1890: Notes & Queries … and Salish?
I’m going to present an old article here, and then talk about one word in it…
…which makes me think about Lower Chehalis Salish again.
— from American Notes and Queries VI:7 (December 13, 1890), pages 78-79
The detail I want to discuss is the equation of Nootkan (i.e. Nuučaan’uł) < klack-ro > = Jargon < klack-roon > = English ‘good, or thank you’.
I don’t know where this magazine writer got the information being cited, but these spellings are new to me. The first word there is identifiable as Nuučaan’uł t’łeekoo ‘thank you’ — but not ‘good’.
About the second word — JK Gill’s 1909 edition of his Jargon dictionary has, on page 19, < klōshe > ‘good’, with an etymology from “O.C.” (original Chinookan) < tlak > “which also signifies to love”. (Samuel V. Johnson’s 1978 dissertation somehow manages to throw in a meaning ‘set free’ with < tlak >, but that’s a separate word, Jargon łáx̣.)
Now, I can understand folks in previous times confusing the common spelling < klosh(e) > ‘good’ with the common spelling < kla(c)k / tlak > ‘free’. But wherever this < tlak > is mentioned in Gill’s lexicon, it’s accompanied by that label “O.C.”, suggesting it’s not necessarily Jargon. So that’s our first caution sign.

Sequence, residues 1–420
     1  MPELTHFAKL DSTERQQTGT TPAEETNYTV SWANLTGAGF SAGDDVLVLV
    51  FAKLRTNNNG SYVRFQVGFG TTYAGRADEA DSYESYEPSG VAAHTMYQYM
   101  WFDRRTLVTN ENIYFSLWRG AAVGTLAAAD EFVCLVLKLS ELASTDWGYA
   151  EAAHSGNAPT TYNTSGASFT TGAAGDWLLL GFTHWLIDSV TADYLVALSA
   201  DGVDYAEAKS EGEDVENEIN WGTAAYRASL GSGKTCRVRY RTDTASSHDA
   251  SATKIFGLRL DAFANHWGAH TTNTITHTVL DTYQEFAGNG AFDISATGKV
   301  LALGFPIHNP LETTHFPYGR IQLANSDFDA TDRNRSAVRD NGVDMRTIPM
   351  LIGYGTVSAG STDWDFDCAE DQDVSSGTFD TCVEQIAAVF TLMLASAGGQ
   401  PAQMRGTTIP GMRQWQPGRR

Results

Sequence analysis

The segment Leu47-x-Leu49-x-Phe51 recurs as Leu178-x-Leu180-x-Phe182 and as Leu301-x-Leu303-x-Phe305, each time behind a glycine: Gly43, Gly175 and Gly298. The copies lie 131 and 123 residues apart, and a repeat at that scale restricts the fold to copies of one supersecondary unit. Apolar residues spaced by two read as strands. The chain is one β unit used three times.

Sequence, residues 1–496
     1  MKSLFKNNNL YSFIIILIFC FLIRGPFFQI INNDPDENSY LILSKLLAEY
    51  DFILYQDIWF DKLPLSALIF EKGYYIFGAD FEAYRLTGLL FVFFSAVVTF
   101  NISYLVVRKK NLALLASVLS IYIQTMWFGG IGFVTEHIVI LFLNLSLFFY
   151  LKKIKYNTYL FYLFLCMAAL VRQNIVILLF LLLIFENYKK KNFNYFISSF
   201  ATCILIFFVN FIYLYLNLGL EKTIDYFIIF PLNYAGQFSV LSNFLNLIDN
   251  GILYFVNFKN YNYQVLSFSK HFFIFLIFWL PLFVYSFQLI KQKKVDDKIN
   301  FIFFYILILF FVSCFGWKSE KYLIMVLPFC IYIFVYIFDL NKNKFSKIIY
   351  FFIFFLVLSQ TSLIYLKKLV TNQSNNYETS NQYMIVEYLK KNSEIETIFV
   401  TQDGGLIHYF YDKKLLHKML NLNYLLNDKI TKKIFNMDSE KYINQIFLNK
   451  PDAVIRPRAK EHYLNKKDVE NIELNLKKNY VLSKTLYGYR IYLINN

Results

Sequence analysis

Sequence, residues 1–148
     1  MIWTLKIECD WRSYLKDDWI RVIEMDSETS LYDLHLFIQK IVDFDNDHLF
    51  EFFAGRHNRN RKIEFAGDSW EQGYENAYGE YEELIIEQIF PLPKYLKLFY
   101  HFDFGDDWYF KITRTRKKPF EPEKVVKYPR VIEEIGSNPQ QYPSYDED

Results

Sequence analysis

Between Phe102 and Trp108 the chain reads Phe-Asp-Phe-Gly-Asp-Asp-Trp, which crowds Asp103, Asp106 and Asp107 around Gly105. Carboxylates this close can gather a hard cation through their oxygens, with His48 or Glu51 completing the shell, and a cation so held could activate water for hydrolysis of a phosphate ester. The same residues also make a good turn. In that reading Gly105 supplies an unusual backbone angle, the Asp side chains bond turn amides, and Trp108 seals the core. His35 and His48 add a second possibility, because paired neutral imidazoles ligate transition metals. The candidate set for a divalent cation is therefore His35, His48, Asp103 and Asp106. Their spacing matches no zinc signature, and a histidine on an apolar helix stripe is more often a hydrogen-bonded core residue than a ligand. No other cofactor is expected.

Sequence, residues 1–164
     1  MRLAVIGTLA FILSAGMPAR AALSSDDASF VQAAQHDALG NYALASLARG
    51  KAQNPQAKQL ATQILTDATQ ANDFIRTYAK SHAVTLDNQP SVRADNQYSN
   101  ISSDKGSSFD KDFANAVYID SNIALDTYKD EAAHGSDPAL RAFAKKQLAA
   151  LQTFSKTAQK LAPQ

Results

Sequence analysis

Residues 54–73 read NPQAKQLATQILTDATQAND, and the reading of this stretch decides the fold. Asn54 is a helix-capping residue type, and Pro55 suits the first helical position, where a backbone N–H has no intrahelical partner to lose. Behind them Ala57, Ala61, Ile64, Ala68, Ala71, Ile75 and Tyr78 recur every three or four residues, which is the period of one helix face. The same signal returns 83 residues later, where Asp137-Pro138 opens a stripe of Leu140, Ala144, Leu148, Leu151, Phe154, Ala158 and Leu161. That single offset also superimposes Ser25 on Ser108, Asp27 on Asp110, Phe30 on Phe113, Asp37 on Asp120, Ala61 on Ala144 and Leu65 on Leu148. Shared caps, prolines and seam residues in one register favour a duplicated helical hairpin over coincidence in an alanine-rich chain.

Also, for ‘to love’, Franz Boas’ “Illustrative Sketch” of old Lower Chinookan gives only < q!at > (which we also know in Grand Ronde Chinuk Wawa). He does give < Lax > ‘appear, become visible’ on page 633. None of this means ‘good’ or ‘thank you’, so that’s a second warning sign.
I’d have thought the second word, if it’s Chinuk Wawa as we’ve always known it, should be łax̣áwyam ‘hello; goodbye; poor’ (and sometimes ‘thank you’) from the old Chinookan language — but that’s not ‘good’. So it’s a decent match for the shape of < klack-roon >, but not so close to the stated meaning.
Well, then, what if < klack-roon > were instead from Salish? An ongoing theme in my research is the finding that folks used to often confuse Chinookan (people and language) with Chehalis (people and language).
We keep finding that lots of Jargon words come from the Southwest Washington state Salish languages. And there is a very common word t’łáq’ʷ-ən ‘is good’ in Lower Chehalis and Quinault. (It appears to be uncommon in Upper Chehalis, and absent from Cowlitz.) That’s a good match for both the form and the meaning given in today’s article.
If the word < klack-roon > is Salish after all, it’s most likely Lower Chehalis, as Quinault was a bit off the beaten path from all the intense culture contact that created and nurtured the Jargon.